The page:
Not really (i.e. not really “satirical bites”). I pay so little heed to postmodernism etc. that if I’m edging into that territory I probably don’t notice it. I enjoyed using a bunch of proper names from Musil (there are at least a half-dozen in addition to Moosbrugger), not picked up on by too many readers and not expected to be picked up on — a kind of homage, that: I think Musil’s better than Thomas Mann, and I think Mann’s pretty splendid. The conversations “that the narrator was not present for,” those are simply matters that the reader needed to be informed of, and my role and problem was to disguise the improbability of that eavesdropping as best I could.

5. If you weren’t writing, what would you want to be doing for a living? What are some of your other passions in life?
What would I want to be doing for a living if I weren’t writing? I’d LOVE to have been a director; not of film, but of live theatre. I’d have been a terrible actor but I’ve many times come away from a play full of admiration for a director’s subtle and creative touches; and even more times full of thoughts of what I would have done if I’d had the chance to direct those actors, that production. Brilliant thoughts relating to Hamlet or the melancholy Jacques and to the intonation he could have brought to bear just here, or just there; or an idea regarding the unwritten extra character who could have been standing off there a bit and turned wordlessly away out of uncontainable laughter or grief.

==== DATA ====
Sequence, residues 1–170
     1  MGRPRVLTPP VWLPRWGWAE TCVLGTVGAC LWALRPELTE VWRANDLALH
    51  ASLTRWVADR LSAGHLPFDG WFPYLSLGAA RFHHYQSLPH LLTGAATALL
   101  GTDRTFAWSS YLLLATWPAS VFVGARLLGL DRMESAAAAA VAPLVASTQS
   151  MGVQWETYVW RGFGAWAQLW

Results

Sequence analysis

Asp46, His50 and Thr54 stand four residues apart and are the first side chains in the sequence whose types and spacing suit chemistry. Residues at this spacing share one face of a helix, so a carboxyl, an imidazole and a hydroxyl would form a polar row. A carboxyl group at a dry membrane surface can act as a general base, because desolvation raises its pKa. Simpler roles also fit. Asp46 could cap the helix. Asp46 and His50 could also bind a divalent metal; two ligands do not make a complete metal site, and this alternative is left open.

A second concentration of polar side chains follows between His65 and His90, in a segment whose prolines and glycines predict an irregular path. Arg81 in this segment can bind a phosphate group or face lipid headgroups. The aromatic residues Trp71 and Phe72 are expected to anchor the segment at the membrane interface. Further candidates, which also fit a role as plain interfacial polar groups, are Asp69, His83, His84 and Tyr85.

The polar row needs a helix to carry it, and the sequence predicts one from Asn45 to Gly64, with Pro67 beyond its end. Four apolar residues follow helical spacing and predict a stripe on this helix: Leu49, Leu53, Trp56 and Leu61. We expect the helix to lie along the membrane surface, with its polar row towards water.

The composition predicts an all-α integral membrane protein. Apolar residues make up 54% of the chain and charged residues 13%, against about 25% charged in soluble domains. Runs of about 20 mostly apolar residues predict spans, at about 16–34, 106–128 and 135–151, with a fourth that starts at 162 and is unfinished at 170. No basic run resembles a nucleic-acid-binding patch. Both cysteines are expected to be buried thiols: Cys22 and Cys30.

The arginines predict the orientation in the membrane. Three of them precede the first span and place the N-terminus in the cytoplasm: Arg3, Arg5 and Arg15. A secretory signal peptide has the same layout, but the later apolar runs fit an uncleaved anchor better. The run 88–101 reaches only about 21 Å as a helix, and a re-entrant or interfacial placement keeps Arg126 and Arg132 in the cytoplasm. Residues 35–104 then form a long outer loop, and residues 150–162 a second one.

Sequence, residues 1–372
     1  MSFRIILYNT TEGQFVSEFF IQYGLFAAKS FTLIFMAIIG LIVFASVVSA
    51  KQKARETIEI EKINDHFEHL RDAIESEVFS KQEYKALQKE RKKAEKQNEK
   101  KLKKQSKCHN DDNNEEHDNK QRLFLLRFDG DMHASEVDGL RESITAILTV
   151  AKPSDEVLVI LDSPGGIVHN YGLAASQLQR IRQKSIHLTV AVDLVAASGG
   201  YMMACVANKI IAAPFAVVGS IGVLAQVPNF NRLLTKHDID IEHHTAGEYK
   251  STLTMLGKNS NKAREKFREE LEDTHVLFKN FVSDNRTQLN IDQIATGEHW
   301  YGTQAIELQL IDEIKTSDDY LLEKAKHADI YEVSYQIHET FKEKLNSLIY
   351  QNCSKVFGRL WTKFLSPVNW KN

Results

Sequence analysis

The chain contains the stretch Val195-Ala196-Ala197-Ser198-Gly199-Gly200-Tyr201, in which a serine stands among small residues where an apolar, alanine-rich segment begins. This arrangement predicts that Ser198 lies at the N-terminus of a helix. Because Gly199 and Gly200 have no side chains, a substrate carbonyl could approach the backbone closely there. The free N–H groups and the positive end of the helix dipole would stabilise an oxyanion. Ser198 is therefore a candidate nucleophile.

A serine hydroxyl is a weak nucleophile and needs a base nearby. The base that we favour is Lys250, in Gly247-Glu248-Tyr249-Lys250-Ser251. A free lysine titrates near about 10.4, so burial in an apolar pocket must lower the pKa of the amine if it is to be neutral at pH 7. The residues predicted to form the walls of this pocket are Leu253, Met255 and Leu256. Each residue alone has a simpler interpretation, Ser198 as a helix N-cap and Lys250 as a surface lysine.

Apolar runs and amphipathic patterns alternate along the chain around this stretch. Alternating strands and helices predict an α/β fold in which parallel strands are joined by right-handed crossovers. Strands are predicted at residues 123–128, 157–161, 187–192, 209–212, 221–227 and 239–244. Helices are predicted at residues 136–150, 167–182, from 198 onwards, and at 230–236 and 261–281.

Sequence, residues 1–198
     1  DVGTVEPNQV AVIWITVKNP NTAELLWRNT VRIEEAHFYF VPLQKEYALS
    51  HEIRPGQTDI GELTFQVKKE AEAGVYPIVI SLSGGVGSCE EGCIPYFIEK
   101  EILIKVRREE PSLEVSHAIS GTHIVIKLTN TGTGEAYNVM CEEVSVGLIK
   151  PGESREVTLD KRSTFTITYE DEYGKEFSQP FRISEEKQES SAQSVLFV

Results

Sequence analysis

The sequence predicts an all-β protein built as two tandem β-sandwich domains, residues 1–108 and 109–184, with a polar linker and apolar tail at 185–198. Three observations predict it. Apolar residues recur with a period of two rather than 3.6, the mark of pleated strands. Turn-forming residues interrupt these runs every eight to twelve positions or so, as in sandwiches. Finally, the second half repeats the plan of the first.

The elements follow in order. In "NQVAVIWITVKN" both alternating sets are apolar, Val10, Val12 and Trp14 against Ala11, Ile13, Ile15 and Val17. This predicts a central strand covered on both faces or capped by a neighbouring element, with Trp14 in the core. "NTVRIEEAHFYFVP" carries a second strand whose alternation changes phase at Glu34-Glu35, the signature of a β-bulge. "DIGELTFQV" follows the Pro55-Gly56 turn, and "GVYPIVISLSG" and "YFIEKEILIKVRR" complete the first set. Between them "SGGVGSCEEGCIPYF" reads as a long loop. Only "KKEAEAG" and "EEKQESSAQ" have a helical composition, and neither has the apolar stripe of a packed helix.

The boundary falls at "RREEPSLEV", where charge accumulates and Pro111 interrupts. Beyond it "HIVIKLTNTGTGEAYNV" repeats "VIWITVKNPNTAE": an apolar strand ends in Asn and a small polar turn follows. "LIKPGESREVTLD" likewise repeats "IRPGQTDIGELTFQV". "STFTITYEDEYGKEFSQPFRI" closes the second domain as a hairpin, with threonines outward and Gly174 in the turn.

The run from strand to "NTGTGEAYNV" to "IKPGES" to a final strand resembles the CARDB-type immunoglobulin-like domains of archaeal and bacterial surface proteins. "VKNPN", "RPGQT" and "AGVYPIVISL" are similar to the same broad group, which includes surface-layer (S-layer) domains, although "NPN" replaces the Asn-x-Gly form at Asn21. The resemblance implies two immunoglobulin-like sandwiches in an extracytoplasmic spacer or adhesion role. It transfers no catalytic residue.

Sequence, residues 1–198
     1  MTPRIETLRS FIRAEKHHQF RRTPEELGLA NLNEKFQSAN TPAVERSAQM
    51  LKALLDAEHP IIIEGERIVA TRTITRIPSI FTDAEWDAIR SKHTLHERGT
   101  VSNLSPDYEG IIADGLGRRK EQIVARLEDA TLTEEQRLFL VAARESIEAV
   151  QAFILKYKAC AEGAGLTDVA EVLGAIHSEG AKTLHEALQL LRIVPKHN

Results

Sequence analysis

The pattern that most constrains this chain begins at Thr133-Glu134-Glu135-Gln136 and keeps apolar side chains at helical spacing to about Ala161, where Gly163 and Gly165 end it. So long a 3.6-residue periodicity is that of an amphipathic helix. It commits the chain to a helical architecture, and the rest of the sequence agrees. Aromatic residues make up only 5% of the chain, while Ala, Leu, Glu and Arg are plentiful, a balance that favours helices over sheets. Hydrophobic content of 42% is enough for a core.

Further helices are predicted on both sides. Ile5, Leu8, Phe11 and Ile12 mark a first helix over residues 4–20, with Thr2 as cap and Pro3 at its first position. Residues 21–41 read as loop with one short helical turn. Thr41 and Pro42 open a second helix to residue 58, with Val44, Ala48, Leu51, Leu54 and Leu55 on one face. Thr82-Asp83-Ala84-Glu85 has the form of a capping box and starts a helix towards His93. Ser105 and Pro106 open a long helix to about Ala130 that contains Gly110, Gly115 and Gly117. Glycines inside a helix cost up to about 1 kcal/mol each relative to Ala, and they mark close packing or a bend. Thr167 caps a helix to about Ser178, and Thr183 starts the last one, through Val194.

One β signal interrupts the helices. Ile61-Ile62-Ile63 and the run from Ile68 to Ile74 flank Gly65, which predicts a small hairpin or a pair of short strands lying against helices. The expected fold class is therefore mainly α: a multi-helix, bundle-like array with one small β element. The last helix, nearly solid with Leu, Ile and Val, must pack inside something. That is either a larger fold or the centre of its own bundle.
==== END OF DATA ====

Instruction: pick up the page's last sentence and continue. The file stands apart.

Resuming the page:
Other passions: my family; walking along the old streets of Europe; reading, of course, half my life must have been spent with a book; tennis on a grass court, or anywhere else if grass isn’t available, and following my once — pretty heavy serve into the net. One or two other things best left unnoted.

6. Are there any tips you would give a book club to better navigate their discussion of your book?
Don’t be intimidated by the fact that here’s a story that’s been published, when maybe your own attempt hasn’t been. The story, like everything else that’s available in the shops and libraries, is set in type but not in stone, by which I mean that it was once malleable and underwent many changes en route to its submission to a publisher, and just as many further changes might well have been made and might well have improved it. This applies to everything ever written except maybe Keats’ odes, where I doubt if you could change even a preposition or a comma without damaging things. This kind of freedom in responding to a story would (I hope) please the author and she or he would learn from hearing about it, from listening to it. Or else would argue with you about it. Amiably, of course.